These blinking yellow lights should be turned into red ones, i.e. by drawing on the same research to conclude that nuclear power cannot be considered part of any climate solution unless all its safety and cost issues are resolved in a process that includes democratic public consent. [1]

      In their urgency, the pro-nuclear climate scientists underplay their own evidence that the time is too short to feasibly create enough nuclear plants in the time period they claim is critical. To simply fast track those plants around the world would increase the nuclear risk and further centralize decision-making in the hands of a narrow nuclear priesthood rather than the citizens whose fates are at stake.

      We oppose any exploitation of the climate crisis to further the agenda of nuclear power.

      Current nuclear plants, of course, are significant contributors to electricity generation in a number of countries. France, for example, the host of the 2015 summit, also is host to some 70 nuclear reactors. There are 107 plants in the United States. But the fact of their existence is not a license to multiply under the cover of "clean" energy. Any viable climate stabilization agreement must include scenarios for their decommissioning during the transition to a genuine clean energy future.

      Nuclear power is not the "fix" which its proponents proclaim. The US, Canada, Germany, Japan, the UK and India presently rely on nuclear power for no more than twenty percent of their electricity, levels which can be sharply lowered if status-quo thinking is replaced by the urgency of putting conservation and renewables first. Besides France, the bulk of nuclear power is in Sweden, Belgium and the former Eastern European countries. If a Marshall Plan helped European recovery after World War 2, surely a similar effort could save Europe from a likely nuclear meltdown in the years ahead. We note that nuclear power is a relatively minor issue - thus far - among the developing countries who most need rapid action against climate change. Brazil's nuclear program, for example, generates three percent of its electrical power, while South Africa's rate is five percent. But if the US and Europe insist on a nuclear path, the global South will have an incentive to follow.

      In conclusion, the important and unresolved debate about nuclear power should be continued parallel to the climate talks, not incorporated as if it is a necessary bargain with the devil of global warming.

      We urge you to develop further scenarios between 2015 and 2050 that stabilize the climate without delivering humanity to what has been described as a nuclear winter.


      Tom Hayden


      Reid Hall

      4 Rue De Chevreuse

      75006 Paris


      New Delhi

      N21, 2nd Floor

      Green Park extension

      New Delhi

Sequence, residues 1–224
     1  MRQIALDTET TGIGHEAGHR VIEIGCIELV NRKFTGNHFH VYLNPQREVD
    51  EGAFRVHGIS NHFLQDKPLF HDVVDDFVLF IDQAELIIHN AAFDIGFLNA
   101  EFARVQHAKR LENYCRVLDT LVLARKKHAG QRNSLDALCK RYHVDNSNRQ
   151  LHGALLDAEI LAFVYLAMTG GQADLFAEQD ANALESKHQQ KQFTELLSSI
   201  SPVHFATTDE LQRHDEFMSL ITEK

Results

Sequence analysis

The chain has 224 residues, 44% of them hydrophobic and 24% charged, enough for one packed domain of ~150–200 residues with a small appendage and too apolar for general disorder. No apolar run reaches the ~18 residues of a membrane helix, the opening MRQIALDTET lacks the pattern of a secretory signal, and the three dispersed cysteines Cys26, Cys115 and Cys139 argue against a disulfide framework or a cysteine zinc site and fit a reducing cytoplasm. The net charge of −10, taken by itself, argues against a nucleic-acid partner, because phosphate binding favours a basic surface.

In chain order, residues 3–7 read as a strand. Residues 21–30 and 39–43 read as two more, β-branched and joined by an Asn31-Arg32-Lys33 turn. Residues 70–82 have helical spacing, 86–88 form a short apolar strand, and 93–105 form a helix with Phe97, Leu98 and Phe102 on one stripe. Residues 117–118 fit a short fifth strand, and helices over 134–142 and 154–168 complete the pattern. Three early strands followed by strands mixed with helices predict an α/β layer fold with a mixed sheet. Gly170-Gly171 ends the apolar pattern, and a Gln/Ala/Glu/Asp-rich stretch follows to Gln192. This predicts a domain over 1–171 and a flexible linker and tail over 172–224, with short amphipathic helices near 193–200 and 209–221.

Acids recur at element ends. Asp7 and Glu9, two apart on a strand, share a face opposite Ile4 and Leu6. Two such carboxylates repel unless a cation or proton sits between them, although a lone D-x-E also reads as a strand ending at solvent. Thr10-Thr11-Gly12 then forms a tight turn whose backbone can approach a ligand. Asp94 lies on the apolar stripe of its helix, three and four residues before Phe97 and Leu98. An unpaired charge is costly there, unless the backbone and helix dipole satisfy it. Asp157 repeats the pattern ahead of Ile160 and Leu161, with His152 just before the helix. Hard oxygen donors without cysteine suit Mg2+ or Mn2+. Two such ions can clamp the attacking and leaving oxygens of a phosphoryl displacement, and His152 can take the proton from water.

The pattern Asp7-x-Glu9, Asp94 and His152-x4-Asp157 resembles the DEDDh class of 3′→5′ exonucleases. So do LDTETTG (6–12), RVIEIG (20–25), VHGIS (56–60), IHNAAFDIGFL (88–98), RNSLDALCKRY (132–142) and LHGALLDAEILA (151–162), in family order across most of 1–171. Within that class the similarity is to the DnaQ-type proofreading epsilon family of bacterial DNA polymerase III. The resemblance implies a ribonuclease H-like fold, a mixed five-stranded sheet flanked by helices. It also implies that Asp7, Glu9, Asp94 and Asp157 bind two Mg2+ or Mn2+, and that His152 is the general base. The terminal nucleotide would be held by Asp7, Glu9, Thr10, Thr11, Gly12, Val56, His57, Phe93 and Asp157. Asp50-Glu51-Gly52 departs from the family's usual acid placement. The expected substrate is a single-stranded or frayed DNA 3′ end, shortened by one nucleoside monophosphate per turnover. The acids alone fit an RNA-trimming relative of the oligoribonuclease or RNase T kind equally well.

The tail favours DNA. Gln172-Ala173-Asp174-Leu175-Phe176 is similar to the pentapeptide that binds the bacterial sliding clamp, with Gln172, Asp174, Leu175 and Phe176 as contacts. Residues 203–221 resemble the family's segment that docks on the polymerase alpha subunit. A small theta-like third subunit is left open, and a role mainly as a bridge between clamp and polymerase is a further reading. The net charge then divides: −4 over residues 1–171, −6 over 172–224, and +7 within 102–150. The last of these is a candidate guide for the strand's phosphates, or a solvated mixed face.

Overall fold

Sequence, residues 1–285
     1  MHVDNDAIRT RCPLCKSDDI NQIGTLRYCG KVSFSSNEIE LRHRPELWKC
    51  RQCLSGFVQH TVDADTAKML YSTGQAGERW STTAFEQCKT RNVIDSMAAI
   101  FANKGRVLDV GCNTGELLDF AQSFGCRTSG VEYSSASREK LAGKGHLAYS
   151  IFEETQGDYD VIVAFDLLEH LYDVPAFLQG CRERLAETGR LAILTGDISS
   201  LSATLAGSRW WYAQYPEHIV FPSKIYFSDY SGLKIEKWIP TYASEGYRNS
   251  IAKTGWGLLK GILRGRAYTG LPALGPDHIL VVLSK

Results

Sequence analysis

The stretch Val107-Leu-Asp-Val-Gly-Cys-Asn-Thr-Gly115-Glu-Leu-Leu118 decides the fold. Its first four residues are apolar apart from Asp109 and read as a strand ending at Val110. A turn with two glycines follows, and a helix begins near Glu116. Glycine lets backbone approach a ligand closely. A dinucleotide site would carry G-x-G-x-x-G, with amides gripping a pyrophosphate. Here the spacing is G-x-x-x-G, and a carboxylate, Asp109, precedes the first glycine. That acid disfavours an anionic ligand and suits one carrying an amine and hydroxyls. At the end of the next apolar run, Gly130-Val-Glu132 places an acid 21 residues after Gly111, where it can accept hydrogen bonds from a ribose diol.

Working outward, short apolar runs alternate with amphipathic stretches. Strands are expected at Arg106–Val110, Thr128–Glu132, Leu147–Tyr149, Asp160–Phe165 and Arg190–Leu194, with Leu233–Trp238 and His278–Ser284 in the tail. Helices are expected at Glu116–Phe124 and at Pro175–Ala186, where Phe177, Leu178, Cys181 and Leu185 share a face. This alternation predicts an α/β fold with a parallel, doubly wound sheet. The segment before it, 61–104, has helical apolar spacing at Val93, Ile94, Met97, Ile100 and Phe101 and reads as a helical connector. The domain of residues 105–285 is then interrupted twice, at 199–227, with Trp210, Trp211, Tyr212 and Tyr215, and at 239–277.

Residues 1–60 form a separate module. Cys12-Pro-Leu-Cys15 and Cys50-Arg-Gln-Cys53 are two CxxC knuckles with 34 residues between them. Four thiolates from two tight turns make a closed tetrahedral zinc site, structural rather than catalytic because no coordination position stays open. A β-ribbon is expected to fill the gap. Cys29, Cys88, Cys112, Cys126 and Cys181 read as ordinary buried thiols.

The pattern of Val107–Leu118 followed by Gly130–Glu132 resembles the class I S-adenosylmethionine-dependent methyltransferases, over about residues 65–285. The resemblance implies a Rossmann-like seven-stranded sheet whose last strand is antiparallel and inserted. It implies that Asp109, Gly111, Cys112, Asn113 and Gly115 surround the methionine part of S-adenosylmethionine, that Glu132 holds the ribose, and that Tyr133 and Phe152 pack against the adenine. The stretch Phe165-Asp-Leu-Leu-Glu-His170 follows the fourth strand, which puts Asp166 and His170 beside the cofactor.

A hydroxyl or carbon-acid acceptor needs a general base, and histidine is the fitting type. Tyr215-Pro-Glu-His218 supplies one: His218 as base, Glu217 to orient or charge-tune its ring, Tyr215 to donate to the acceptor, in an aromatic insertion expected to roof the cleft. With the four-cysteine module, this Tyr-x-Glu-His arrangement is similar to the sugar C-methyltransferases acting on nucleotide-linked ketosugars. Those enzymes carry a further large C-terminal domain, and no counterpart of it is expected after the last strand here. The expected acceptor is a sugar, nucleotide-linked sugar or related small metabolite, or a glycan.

[1] We note that research on nuclear fusion energy is a legitimate policy goal, though not a short-term means of climate stabilization. 


      The President's Sand Trap

      To use a golf analogy, Obama is stuck in a sand trap. His military and diplomatic advisers are not useful caddies, because they are handing him the wrong clubs, military ones, for a struggle, which he says has no military solution. On Syria, the first question is whether the peace movement should push hard for a Congressional authorization. I don't think there's any choice, although this time Congress may be more hawkish than Obama. If so, that's that. We take names and visit their district offices.

      Click to read more ...


      James Foley, In His Own Words

      James Foley, beheaded in Syria last week, was a decent, committed humanitarian, according to the famed cinematographer Haskell Wexler, who interviewed Foley on the streets of Chicago while filming there in 2012. Wexler, who did a documentary on Vietnam with Jane Fonda and myself in 1974, said that Foley told him the Syrian conflict could never be settled by bullets. The interview reveals an intelligence, sincerity and humanism about Foley that will be terribly missed.

      Foley touched many lives. The headmaster of our son's school, Walter Landberg, was a one of a small circle of his close friends from New Hampshire. They enjoyed many reunions while their lives unfolded into their forties. Still in shock, the circle spent the last week on the phone with each other. Landberg says Foley never lived only behind the camera, but loved people, checking in with old friends and new, doing small favors wherever he went. Coming from a military family, he was drawn to crisis zones - embedding in Iraq and Afghanistan - but carried only a camera. He was a peaceful man. Just before leaving for Syria, Foley was delighted for Landberg's appointment and the two agreed that Foley would come out to speak to the Santa Monica students. Foley had decided that he was "done" - not going back after one last trip - before he was captured a final time.

      For more on James Foley, see "Dumbest Policy Ever: We Don't Negoiate With Terrorists"


      Dumbest Policy Ever: We Don't Negotiate With Terrorists

      This is the policy of officials who are simply wound too tight. It's not even true, it justifies high-risk daredevil raids, and leaves hostages like James Foley dead. At least 50 foreign hostages were released in the past five years in exchange for ransom. Just recently ISIS handed over eleven ransomed hostages to Turkey. It turns out that ISIS offered to release Foley for money, but was secretly rejected by the US.

      Click to read more ...


      The Growing Power of the Green Regions

      Governor Jerry Brown will play a pivotal role in the United Nations Climate Summit on September 23 as he encourages the growth of a virtual Green Bloc of regions committed to serious fossil fuel reductions during global climate talks in the coming year. Brown's unorthodox strategy becomes critical as the Obama administration deals with a hostile Congress beholden to fossil fuel lobbyists, climate deniers and religious fundamentalists. The Brown strategy uses the UN timetable to assemble a powerful bloc of states committed to building low carbon clean energy economies. The policy goal of this de facto Green Bloc is to progress towards the goal of 80 percent greenhouse gas reductions below 1990 levels by 2050, a reduction considered essential to avoid a catastrophic overheating of the planet. 

      Click to read more ...